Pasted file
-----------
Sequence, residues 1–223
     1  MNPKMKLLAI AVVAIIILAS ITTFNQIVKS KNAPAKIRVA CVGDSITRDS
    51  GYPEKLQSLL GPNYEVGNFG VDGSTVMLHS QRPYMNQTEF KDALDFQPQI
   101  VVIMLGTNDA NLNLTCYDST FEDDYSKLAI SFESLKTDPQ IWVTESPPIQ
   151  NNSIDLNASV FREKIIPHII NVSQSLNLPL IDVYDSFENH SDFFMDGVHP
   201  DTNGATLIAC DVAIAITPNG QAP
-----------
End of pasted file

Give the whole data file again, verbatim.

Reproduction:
Sequence, residues 1–223
     1  MNPKMKLLAI AVVAIIILAS ITTFNQIVKS KNAPAKIRVA CVGDSITRDS
    51  GYPEKLQSLL GPNYEVGNFG VDGSTVMLHS QRPYMNQTEF KDALDFQPQI
   101  VVIMLGTNDA NLNLTCYDST FEDDYSKLAI SFESLKTDPQ IWVTESPPIQ
   151  NNSIDLNASV FREKIIPHII NVSQSLNLPL IDVYDSFENH SDFFMDGVHP
   201  DTNGATLIAC DVAIAITPNG QAP